Now, linear and interrelated continuity was a fresh, new, wonderful thing when it fully came into flower in the late 60's- it gave an air of things having weight and consequence, as when Scott Summers' brother Alex was introduced, his powers discovered, they fought the Sentinels, then, seeking help for his out-of-control abilities accidentally get him mixed up with the power-draining Sauron, all in the space of four or five issues.
But there was one problem- time marches on. And after a while, when it became apparent that years and years had gone by in Marvels pseudo-real time, it was pretty much unreasonable to keep characters in the status quo. Since I started with Spidey, I'll use Peter Parker as an example: He started as a harried adolescent high school science nerd, but he couldn't stay that way longer than 2-3 years (assuming he was a high school, oh, sophomore when he received his fateful spider bite), so they began to tinker. Sent him to college, had him move out from Aunt May's, hook up with Gwen Stacy then Mary Jane Watson. Gave him a full-time job with the Bugle. And that got Pete through another decade and a half, but then another problem reared its ugly head: entropy. As the Entropic Cult in Man-Thing chanted, "Entropy, entropy, all winds down." You can only show Spidey fighting Kraven or Electro or the Shocker so many times before, frankly, you run out of new, fresh scenarios in which to put them in, and each new issue brings more by-the-numbers superhero battles and outlandish, contrived developments with the characters and their relationships. Stan and Jack didn't help matters when they had Sue Storm give birth in that Fantastic Four annual; while it was a great story in and of itself, afterwards they were stuck with a character that either had to grow up in "real" time as his parents and uncles aged as well, or suddenly revert to the one-and-done, no-continuity stories of the early days. They chose the former, and Franklin Richards has since become one of the most convoluted and pointless in a long line of pointless and convoluted Marvel characters, only working well within those fairly recent Calvin and Hobbes-style solo stories, which I assume takes place out of what passes for continuity with Marvel these days.
And so, as DC found out first by the time of Crisis on Infinite Earths and then, when that didn't take, Zero Hour, things get so distended that the only recourse when publishing characters that have been around for four decades is to declare a do-over. So far, Marvel has only really tried to do it once, with the whole "Heroes Reborn" thing, even relaunching titles with #1 issues all around, and reaction was so bad that they eventually recanted and quietly rebooted again. Subsequent reboots have been more low-key, a la the cancellation of Daredevil's ongoing, which was up in the 400s by the time writers got so desperate for ideas that they had tricked him out in body armor. When he was relaunched with the Marvel Knights imprint, the basic story details remained the same but there was rarely the feeling that this DD was the same DD which once assumed the identity of Mike Murdock and battled the Matador in tales done by Stan and Bill Everett and Wally Wood.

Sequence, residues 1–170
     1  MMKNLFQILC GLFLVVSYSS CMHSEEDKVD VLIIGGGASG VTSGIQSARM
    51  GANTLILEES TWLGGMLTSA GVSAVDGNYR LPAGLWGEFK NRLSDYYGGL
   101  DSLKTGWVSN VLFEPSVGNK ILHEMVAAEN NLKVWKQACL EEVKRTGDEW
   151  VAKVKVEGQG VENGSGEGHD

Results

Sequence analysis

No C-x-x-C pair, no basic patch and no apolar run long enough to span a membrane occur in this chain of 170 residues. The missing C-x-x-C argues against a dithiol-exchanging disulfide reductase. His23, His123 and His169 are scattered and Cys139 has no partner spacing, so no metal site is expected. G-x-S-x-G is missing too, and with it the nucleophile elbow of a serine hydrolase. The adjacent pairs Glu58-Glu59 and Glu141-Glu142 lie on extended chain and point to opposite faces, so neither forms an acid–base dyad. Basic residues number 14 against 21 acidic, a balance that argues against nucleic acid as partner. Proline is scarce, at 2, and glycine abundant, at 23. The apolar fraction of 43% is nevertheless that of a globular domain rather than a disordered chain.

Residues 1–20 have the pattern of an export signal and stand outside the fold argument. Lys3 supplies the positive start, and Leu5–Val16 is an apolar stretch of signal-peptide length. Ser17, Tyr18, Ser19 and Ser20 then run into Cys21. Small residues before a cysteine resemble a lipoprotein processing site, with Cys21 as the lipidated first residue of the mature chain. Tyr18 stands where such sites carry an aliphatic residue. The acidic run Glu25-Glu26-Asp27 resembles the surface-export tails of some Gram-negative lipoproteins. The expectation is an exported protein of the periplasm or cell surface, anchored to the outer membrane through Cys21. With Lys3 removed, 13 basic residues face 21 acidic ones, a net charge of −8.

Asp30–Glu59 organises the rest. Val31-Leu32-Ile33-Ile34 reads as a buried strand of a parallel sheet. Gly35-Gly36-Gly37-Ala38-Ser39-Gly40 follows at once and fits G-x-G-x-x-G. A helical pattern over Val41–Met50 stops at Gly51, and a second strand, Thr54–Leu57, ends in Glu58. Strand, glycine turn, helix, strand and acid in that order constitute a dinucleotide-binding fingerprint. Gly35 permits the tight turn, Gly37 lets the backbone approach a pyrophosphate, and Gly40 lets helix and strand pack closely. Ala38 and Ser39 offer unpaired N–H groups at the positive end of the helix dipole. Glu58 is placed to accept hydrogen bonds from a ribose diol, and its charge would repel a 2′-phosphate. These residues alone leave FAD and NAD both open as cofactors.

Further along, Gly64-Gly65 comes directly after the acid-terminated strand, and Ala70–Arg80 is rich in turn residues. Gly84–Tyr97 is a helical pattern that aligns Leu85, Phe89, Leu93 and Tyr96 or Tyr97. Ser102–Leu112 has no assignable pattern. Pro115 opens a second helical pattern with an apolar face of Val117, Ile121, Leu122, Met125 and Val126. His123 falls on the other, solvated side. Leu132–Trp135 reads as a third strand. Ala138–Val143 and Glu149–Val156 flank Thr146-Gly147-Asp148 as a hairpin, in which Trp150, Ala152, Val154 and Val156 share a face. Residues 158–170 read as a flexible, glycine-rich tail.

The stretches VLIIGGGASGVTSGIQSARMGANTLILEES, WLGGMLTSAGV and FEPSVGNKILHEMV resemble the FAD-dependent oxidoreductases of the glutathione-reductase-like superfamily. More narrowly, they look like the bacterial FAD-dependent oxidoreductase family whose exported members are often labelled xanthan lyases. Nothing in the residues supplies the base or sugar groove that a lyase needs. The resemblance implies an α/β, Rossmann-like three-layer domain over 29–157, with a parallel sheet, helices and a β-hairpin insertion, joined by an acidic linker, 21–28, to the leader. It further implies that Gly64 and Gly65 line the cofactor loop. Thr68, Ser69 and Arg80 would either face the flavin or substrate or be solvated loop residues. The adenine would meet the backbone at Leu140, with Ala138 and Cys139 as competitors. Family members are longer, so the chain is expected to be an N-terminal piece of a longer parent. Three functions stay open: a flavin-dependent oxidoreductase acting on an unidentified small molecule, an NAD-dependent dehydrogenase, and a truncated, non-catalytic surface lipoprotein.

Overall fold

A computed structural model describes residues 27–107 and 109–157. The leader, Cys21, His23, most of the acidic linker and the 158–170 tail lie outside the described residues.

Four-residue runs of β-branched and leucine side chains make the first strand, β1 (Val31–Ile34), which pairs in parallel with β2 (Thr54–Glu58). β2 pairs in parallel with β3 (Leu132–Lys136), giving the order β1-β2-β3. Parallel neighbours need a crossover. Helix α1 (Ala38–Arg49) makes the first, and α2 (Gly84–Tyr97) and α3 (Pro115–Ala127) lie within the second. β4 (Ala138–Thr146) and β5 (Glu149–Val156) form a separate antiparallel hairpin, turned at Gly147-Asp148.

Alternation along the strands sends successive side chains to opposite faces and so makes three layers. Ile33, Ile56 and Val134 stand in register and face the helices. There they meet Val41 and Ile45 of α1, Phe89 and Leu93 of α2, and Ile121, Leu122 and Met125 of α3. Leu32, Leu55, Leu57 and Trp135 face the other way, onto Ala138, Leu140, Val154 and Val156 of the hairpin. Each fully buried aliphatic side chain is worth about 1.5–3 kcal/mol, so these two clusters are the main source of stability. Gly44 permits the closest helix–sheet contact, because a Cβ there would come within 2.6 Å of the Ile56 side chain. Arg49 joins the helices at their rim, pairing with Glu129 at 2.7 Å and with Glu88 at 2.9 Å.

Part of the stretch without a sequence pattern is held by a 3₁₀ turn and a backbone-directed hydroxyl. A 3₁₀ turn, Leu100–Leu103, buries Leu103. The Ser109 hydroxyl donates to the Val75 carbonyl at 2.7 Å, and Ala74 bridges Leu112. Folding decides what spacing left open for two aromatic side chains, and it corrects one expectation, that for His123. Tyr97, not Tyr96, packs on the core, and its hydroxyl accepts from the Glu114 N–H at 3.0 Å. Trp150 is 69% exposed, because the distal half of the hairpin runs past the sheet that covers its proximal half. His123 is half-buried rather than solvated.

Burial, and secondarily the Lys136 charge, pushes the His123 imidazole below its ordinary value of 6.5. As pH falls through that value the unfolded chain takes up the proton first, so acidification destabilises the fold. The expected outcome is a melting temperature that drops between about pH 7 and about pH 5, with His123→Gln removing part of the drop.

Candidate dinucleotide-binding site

This is what Quesada and Co. are trying to do with Spidey here- it's a do-over, but a qualified one- sure, Pete has no memory of being married to MJ and vice versa, Harry Osborne is back, etc.- but I wonder how much of the last 40 years will be referenced? Is Venom/Carnage/Black Cat/blah blah blah still a part of Spidey's world? Will we get new versions? In short, will the writers now have free hand to recycle the same crap that's been recycled for decades? Guess we'll see. I know none of this is any consolation to the fan who only began reading comics at about the time Pete and MJ got married- this is "their" Spider-Man, they like it that way, and see no reason why it can't continue that way indefinitely. Part of this may also be a desire to sync Spidey comics with the movies, in which the two are not yet man and wife.
"So what are you trying to say, Dave?" I hear you asking, along with "Do you really think I don't know all this?" I don't really know. I'm just articulating thoughts here. I don't have a solution. You can't really go back to one-and-done in mainstream superhero comics completely, because you're robbing yourself of the opportunity to really enhance your story- plus readers today, or at least mainstream superhero comics readers today, are conditioned to enjoy and expect a "real-time", linear ongoing narrative with events that overlap the next and impact subsequent stories.
Continuity is a double-edged sword- it can really enhance not only superhero comics, but other kinds of stories as well. It's only the passage of time that makes this element unwieldy. And Marvel/DC have this problem- as long as people seem to want to read, or are still aware, of iconic characters like Batman or Spider-Man, then they'll feel the need to continue to publish periodicals with the adventures of same. It's also a fine line to walk- writers want, in most cases, to depict events that have lasting impact and make changes, but you can only change iconic characters so much before you risk confusion among those not familiar with the ebb and flow of comics stories. I think it will be interesting, though, to see what effect, if any, this constant upheaval and change (especially DC's apparent insatiable desire to screw around with their characters) will have on comics- how many times can the Big Two rearrange the deck chairs on the Titanic before people say to hell with it and get off the boat?
ETA: One other thing that I meant to add and forgot in my posting mania the other day was that perhaps Spidey fans should at least give Joe Q and co. a chance to see what they can do. They might be surprised. But then again, if they hate it and just can't face life without Pete and MJ hooked up, well, they have their back issues and can make their displeasure known by dropping the book.